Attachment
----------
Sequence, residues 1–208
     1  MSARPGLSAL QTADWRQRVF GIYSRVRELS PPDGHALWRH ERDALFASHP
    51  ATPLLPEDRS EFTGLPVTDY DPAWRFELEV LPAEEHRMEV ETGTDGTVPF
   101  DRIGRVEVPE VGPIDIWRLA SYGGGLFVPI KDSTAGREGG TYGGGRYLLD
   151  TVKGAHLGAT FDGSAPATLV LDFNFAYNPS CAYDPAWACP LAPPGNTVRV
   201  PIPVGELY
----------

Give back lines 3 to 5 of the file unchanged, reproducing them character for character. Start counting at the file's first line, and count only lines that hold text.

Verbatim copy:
    51  ATPLLPEDRS EFTGLPVTDY DPAWRFELEV LPAEEHRMEV ETGTDGTVPF
   101  DRIGRVEVPE VGPIDIWRLA SYGGGLFVPI KDSTAGREGG TYGGGRYLLD
   151  TVKGAHLGAT FDGSAPATLV LDFNFAYNPS CAYDPAWACP LAPPGNTVRV